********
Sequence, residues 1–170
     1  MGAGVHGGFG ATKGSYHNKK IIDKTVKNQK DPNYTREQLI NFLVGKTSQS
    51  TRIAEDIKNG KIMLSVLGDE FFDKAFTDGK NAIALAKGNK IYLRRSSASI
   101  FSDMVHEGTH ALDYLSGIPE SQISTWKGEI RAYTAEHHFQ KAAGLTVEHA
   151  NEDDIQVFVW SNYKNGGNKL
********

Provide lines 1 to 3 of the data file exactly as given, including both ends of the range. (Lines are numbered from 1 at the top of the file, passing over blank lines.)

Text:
Sequence, residues 1–170
     1  MGAGVHGGFG ATKGSYHNKK IIDKTVKNQK DPNYTREQLI NFLVGKTSQS
    51  TRIAEDIKNG KIMLSVLGDE FFDKAFTDGK NAIALAKGNK IYLRRSSASI